Take one plain garden parasol, a set of stencils and paint then add a few hours of creative therapy time.
I bought my white, canvas parasol from IKEA with the intention of stencilling it in bright colours so that it would look cheery when viewed from a distance. I considered several stencils, they are listed in a previous post. I decided upon a custom sized SIB16 Paisley design... mainly because it was my husband's preference and he had gone to the effort of making a scale drawing of a Paisley parasol for me.
Without the luxury of a scale drawing I would have measured the space offered by each section of the parasol and ordered stencils in a size to fit them.
I erected the parasol on the lawn so that I could place the stencil within a segment of the brolly and mark the position of it. Each segment is the same size so I would need only to position and register the stencil once and the marks would be a good fit for each of the six sections. Using a stencil pencil I traced two lines onto the stencil, each pencil line followed the fabric seams along the spokes of the umbrella.
These lines became my repositioning marks. Every time that I needed to start stencilling another segment of the structure I just matched up both pencil lines with the seams on the parasol and then taped the stencil in place.
Once the measuring marks are drawn onto the stencil it is advisable to remove the fabric from the frame of the parasol, this makes it easier to paint onto. It took me a while to realise that the cover was removeable.
Each time the wind blew I was chasing a wayward 3 metre wide structure around the lawn!
Safely back in my studio I set about stencilling each segment of the canvas parasol. To protect my desk and to stop the fabric from shifting whilst being stencilled I cut a piece of stencil film to fit under a fabric section. I sprayed the film with a little SprayMount repositioning adhesive to make it slightly tacky then smoothed the fabric section onto the film. Paper would have worked as an alternative surface to the film and so would hardboard. Putting a slightly tacky surface under the fabric stops it from moving about whilst it is being stencilled.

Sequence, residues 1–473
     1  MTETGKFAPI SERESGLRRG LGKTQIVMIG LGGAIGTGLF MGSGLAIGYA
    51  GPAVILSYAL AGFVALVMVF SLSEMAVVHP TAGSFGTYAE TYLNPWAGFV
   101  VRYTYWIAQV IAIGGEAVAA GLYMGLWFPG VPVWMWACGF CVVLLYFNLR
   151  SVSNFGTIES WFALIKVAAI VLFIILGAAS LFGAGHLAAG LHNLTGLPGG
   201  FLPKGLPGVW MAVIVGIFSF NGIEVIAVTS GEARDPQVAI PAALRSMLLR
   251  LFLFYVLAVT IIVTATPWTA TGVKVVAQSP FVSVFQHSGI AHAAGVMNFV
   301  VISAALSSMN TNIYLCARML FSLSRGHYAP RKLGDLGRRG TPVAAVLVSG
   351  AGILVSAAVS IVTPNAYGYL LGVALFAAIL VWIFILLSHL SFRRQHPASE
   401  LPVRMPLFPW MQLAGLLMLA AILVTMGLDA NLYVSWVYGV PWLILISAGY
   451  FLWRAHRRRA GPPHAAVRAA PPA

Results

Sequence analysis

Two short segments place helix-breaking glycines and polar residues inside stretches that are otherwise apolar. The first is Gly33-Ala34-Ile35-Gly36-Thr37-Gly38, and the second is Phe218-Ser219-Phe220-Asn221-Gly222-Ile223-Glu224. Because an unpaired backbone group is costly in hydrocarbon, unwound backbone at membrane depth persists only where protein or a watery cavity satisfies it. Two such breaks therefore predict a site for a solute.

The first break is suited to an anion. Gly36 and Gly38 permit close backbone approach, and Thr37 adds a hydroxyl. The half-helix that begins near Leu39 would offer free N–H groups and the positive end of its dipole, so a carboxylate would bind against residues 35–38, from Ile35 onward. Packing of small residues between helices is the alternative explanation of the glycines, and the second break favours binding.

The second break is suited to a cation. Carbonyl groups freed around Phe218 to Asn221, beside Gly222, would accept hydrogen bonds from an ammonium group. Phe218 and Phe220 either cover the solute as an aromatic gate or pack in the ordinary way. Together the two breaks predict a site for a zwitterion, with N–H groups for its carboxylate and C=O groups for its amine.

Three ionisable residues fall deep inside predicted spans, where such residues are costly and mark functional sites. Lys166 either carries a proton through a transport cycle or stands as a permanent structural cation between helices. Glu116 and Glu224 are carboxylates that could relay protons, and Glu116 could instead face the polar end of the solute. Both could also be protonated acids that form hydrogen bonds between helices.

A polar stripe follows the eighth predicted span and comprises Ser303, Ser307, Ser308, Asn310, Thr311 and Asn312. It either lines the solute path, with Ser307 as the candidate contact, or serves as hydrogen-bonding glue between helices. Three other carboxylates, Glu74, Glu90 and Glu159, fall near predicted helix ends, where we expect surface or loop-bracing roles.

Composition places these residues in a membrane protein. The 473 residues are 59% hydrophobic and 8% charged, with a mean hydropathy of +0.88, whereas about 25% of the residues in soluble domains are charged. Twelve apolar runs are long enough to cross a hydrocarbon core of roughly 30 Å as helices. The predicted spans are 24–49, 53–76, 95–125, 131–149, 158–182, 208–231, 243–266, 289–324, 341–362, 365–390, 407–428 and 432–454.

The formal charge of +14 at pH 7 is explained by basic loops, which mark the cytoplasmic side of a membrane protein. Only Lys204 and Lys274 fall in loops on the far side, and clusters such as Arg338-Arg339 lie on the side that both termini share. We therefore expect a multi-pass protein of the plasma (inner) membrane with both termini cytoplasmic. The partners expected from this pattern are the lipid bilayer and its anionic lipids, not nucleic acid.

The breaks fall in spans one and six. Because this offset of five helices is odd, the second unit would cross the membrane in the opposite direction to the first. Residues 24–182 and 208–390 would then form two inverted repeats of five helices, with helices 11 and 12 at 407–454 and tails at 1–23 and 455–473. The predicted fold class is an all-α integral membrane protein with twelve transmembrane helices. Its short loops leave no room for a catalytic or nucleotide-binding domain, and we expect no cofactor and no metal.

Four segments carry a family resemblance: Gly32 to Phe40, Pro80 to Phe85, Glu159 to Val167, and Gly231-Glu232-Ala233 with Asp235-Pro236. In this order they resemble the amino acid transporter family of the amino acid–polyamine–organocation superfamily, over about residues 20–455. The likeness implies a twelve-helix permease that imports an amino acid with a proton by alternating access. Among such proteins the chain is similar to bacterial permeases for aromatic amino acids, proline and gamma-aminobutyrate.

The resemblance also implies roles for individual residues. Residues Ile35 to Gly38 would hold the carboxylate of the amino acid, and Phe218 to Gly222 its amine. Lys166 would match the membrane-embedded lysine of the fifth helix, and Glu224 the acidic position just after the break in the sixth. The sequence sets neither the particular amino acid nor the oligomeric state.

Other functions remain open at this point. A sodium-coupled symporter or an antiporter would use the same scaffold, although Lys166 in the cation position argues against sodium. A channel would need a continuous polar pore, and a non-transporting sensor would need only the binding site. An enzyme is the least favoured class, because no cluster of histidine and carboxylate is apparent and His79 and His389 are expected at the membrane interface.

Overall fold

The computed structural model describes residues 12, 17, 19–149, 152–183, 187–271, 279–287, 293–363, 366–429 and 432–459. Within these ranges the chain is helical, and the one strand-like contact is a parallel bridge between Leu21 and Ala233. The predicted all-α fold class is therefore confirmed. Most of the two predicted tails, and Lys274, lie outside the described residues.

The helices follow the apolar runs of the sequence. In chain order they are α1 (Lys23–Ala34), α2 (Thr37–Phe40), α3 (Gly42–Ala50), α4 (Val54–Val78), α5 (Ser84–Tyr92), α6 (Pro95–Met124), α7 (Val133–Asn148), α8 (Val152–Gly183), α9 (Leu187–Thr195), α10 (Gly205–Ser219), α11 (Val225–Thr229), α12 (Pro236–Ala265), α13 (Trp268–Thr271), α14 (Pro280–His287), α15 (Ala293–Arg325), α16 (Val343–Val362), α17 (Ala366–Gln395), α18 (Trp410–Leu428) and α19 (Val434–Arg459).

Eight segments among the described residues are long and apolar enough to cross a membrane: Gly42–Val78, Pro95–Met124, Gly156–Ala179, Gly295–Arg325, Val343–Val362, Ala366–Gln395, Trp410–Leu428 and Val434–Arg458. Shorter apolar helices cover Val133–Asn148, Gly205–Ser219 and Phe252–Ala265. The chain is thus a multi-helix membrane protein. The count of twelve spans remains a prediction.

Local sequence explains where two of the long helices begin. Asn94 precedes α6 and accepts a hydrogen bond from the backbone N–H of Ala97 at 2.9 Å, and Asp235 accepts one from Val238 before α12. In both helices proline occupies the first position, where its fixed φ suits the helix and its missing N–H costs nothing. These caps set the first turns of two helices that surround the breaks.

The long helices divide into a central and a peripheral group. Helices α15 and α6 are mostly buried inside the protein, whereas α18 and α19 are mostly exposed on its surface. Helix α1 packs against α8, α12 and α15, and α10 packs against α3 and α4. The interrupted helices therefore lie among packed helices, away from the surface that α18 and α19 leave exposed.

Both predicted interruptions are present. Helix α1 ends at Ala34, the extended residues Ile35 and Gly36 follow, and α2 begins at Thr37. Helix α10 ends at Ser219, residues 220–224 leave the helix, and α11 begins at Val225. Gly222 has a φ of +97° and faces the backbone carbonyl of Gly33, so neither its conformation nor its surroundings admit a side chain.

A few heavy weights to keep the fabric on the table are handy too.
I used a misting of Spray Mount on the reverse of the stencil and pressed the stencil into place onto the fabric. I matched the traced lines on the stencil with the seams of the parasol.
Acrylic paint from Liquitex was selected. We sell it and I use it on most surfaces including clothing, so I know that it will withstand the English rain.
To stencil the fabric take up a small amount of paint onto a stencil brush then circle the brush firmly onto paper towel, by doing this the paint will be distributed evenly over the bristles and dry-ish at the tips. Before applying the paint through the stencil stipple the brush onto scrap paper. Has it left an even imprint? Does it smudge if a finger is wiped over the imprint? Answers should be yes then no. Apply the paint lightly through the pattern of the stencil. Build and blend colour in layers, do not overload the brush with paint. The Paisley motif was stencilled using a combination of stippled and circled brush work. A different stencil brush was needed for each colour.
The underside should look almost as good as the top. For a more sophisticated but less jolly 'brolly decor' one single colour could be used. After completing the decoration of the parasol the stencil was employed to embellish painted, plastic planters.
It was also used to stencil a canvas tent....but that is another blog post.